Asian hornets likely to invade the UK this summer - here’s everything you need to know

Giant hornets are expected to invade the UK in huge numbers this summer.

The warning comes from the man whose job it is to tackle the spread of the insects. Alastair Christie has reportedly counted 20 times the number of Asian hornet queens as there were this time last year.

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Mr Christie, Jersey’s hornet co-ordinator, said he spotted 80 queens in Jersey. The invasive species of insect are a danger to the ecosystem as they eat up to 50 bees a day, adversely affecting pollination.

UK on high alert

Mr Christie told the Jersey Evening Post, “A lot of people are on high alert, which means the amount of reports is much higher than last year.

“So far we have had a total of 203 reported sightings of Asian hornets and of those, just 80 turned out to be a hornet – the rest were just wasps, bees and other pollinating insects.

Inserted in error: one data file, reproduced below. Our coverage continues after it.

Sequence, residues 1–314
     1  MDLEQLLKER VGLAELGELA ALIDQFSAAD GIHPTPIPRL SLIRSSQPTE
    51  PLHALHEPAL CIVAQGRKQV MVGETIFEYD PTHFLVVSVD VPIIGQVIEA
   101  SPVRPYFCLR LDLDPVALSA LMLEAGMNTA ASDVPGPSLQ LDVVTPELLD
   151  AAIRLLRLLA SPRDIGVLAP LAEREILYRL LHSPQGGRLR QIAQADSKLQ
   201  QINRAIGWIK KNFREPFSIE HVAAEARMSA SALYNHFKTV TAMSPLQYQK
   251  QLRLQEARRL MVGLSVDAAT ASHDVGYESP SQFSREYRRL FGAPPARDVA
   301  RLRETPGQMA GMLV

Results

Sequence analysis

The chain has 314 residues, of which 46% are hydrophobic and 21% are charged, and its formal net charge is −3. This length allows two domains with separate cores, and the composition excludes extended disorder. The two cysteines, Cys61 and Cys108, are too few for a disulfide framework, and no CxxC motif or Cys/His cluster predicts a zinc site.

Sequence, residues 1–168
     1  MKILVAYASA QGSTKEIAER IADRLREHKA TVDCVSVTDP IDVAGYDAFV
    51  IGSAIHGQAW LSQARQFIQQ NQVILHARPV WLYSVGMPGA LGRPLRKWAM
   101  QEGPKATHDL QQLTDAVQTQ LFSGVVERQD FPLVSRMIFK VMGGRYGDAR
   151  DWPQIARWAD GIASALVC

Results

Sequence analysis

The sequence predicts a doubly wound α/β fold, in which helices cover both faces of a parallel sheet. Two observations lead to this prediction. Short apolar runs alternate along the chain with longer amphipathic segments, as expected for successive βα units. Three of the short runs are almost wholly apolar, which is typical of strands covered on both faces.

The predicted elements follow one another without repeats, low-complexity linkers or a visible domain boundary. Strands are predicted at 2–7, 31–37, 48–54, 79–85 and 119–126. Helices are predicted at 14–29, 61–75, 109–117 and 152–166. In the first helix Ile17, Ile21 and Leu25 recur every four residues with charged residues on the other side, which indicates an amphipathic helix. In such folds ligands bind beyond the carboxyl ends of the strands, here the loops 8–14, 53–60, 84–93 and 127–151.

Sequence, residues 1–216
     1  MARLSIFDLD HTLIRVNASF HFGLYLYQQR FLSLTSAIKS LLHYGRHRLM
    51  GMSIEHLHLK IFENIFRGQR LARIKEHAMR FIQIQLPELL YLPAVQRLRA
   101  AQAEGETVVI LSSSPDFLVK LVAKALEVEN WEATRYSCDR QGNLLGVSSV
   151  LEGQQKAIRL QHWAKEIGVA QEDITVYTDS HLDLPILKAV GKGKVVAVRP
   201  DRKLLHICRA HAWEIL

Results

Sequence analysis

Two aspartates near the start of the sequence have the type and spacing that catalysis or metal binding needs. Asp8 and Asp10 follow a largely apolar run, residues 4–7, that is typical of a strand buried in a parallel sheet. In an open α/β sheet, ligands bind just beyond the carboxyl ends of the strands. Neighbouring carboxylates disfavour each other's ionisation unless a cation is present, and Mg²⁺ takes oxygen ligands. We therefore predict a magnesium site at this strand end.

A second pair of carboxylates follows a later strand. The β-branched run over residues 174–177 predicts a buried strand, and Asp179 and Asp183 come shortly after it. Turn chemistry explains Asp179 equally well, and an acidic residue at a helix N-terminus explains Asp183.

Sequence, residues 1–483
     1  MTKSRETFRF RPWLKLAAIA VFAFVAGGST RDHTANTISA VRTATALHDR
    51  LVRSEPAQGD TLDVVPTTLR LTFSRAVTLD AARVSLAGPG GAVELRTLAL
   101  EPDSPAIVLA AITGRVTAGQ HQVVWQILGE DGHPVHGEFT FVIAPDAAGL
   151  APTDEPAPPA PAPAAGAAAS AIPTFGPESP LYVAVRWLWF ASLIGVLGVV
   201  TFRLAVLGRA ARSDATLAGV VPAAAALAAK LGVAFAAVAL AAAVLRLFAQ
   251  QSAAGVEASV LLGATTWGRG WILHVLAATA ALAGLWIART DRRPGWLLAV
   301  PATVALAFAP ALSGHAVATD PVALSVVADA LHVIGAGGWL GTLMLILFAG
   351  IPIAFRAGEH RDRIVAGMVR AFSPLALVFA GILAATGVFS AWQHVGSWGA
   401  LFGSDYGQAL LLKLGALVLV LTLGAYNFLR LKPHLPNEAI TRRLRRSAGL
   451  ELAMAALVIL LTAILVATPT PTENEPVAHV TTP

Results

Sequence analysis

“But while the increased amount of sightings is partly down to people being more aware, it is also undoubtedly due to the fact that there are more of them on the Island this year.”

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Mr Christie’s job is to slow down the spread of Asian hornets, which were accidentally spread to France 15 years ago.

Since then, they have spread around Europe and were spotted in the UK for the first time in 2016, when a nest was found in Gloucestershire.

Sightings this year

With sightings on the Isle of Wight earlier this year, and now in Jersey, it is feared that the hornets will soon make it to the rest of the UK.

Asian hornets can chew through clothing and their sting can send a person into anaphylactic shock, which can prove deadly.

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The British Beekeepers Association has plans in place for the monitoring of Asian hornets. It says that it is highly important that every sighting of the breed is reported. This can be done by taking a photo with the Asian Hornet app on your phone.

Dorset Beekeepers Association have written on their website, “The Asian Hornet eats many types of insects and those insects are the pollinators of our flowers. A serious invasion by the Asian Hornet could have a serious effect on our environment.”

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